At Austin Kemp, we offer expert advice relating to variation and capitalisation of financial orders. If you find that your spouse is living in much better financial circumstances than when the order was made, or you’re living in much worse circumstances, we’re here to help. Alternatively, you may wish to move on from your relationship, and would like to turn the payments into a lump sum. We can also help if you find out that your previous partner wants to vary the financial order – it’s never too early to seek specialist legal advice.
Our team of expert solicitors at Austin Kemp will guide you through the financial orders process, and are particularly experienced in dealing with individuals who have large quantities of assets and investments not only in England and Wales. but also abroad.
Before going to court, it’s important to attempt to renegotiate the order with your previous spouse’s solicitors. We are experienced in negotiating with the other party’s solicitors in order to avoid lengthy court battles, but if an agreement cannot be reached, we have the necessary experience and expertise to take your case to court.
The court will consider not only your and your previous partner’s needs, but also the needs of any children. Austin Kemp will provide you with specialist legal advice in order for you to achieve the best outcome and make sure you have a solid legal argument for your case.
A variation or capitalisation of a financial order can be a relatively quick process if the initial negotiations are successful. Alternatively, it can take much longer if we need to take it to court.
If either party doesn’t comply with the financial order, then it can be enforced by the court and could even result in the non-complying party going to prison through contempt of court. However, there are other remedies in English and Welsh law – and abroad – if the other party will not cooperate with the order.
This can be an extremely difficult time for both parties, who have just gone through the upheaval of a divorce. If your previous partner is refusing to cooperate with the terms of the financial order, then this can make what is already a stressful time become almost unmanageable. This is why it is important to seek independent legal advice from a specialist team of solicitors such as Austin Kemp.
There are various enforcement methods available to you if your previous partner will not cooperate with the financial order. These include a charging order (attempting to attach a charge against land), attachment of earnings (money can be deducted directly from the payer’s salary), a third-party debt order (attempting to seize money, even from a bank account) and warrants of possession or execution (seize goods or secure possession of premises). It is also possible to make a non-payer bankrupt and seize all their assets.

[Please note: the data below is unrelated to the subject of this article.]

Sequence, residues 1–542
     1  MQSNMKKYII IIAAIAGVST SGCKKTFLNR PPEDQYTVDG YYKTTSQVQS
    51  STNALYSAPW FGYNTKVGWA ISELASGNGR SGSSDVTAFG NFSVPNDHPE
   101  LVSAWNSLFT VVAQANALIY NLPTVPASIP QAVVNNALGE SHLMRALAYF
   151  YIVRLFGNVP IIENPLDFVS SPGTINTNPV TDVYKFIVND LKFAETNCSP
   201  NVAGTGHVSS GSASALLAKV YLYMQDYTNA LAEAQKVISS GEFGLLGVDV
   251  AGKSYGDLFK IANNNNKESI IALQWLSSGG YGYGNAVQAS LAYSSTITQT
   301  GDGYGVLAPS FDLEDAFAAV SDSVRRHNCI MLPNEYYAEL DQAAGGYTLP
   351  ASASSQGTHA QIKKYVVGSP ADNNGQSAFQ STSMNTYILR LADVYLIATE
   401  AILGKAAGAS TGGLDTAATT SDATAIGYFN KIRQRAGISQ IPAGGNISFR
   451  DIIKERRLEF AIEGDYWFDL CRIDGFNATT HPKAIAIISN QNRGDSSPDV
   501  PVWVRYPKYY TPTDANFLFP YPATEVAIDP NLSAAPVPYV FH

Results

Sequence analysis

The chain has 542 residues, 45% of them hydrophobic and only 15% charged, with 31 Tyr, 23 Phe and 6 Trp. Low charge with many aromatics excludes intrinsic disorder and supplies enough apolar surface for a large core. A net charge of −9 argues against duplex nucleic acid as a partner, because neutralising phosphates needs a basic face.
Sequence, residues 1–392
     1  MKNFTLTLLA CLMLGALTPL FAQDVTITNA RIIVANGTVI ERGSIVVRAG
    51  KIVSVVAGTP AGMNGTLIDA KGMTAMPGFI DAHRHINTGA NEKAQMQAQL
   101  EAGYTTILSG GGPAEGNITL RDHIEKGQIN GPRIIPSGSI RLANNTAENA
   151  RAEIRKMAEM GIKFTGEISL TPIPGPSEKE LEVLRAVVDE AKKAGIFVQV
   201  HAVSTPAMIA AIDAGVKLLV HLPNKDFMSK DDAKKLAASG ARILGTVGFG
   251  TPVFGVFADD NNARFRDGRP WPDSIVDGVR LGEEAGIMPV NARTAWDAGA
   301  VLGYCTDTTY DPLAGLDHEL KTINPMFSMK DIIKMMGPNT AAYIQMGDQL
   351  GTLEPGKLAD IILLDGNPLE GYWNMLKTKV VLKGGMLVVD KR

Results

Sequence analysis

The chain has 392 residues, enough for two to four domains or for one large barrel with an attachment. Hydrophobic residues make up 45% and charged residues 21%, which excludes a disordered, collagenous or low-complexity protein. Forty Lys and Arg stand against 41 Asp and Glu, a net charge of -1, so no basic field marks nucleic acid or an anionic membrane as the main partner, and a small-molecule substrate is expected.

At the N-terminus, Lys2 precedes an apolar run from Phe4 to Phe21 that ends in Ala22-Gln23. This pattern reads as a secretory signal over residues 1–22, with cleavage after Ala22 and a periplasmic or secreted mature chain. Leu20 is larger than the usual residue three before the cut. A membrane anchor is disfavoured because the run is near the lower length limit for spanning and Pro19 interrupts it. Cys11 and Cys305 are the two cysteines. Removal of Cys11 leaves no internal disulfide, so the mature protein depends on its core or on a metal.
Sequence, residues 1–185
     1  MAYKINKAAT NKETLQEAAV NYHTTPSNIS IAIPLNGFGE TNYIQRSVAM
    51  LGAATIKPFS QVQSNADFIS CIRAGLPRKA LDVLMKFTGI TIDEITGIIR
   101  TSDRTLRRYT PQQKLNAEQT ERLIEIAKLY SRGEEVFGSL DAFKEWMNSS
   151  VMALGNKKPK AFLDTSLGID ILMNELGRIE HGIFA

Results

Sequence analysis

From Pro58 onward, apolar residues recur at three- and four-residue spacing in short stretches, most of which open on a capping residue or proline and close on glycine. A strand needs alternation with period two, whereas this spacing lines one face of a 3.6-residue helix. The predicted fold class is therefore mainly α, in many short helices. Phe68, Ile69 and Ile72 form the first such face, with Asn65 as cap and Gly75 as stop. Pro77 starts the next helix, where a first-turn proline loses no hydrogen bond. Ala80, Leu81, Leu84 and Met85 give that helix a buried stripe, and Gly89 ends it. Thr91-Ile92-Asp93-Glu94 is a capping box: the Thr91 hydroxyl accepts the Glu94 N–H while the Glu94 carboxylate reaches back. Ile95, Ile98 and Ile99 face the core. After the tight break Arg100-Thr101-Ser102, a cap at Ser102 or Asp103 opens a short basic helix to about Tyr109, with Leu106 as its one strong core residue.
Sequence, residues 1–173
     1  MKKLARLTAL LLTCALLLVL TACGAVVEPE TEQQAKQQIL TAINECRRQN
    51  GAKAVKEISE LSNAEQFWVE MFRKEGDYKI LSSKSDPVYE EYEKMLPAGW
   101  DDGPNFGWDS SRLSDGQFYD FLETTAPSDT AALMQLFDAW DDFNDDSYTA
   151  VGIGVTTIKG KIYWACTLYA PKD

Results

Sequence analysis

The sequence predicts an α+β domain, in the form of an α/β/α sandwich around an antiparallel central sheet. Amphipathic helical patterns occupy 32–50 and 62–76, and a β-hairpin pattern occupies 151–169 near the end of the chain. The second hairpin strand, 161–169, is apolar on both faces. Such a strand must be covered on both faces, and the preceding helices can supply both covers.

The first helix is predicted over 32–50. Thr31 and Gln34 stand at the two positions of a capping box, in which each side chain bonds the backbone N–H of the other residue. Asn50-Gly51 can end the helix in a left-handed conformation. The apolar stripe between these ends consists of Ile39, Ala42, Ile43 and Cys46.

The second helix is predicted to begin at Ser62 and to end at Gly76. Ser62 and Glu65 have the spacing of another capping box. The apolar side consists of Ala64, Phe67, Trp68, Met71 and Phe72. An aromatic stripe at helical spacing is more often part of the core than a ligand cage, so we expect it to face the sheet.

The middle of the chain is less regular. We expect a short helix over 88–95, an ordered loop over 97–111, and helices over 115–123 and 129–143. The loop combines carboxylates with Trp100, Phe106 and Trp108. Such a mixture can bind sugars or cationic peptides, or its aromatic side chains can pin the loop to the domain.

It’s important to act fast, as any maintenance payments that haven’t been paid for more than twelve months since the enforcement order was made could be written off. It’s also worth noting that you may be due interest on any unpaid capital payment.
Austin Kemp has a team of expert solicitors who specialise in the enforcement of financial orders. We have a particular speciality with regard to high net worth individuals who have investments and assets not just in the United Kingdom, but all over the world. If you wish to enforce a financial order, we are experienced in the court systems of both England and Wales (and abroad), and are able to advise you of the best way to proceed. Alternatively, if you have been told that you have failed to comply with your financial order, then we have experience in advising you of your options. If this is the case, it’s imperative that you seek independent legal advice with specialist solicitors as soon as possible in order to best protect your assets and your freedom.
Austin Kemp are also experienced in dealing with enforcement orders when the party who is not cooperating is outside the jurisdiction. We can guide you through the process either in courts in England and Wales or abroad.
Recently, a change in the rules has enabled parties to ask the court to enforce an order ‘by such means as it sees fit’. At Austin Kemp, we don’t make those applications. We see it as our business as professionals to work out what enforcement method is most likely to work, and not leave it for a judge to decide. We work with our clients to make a specific application so that enforcement is as speedy as the court system allows. Contact our divorce lawyers today for expert advice and support today.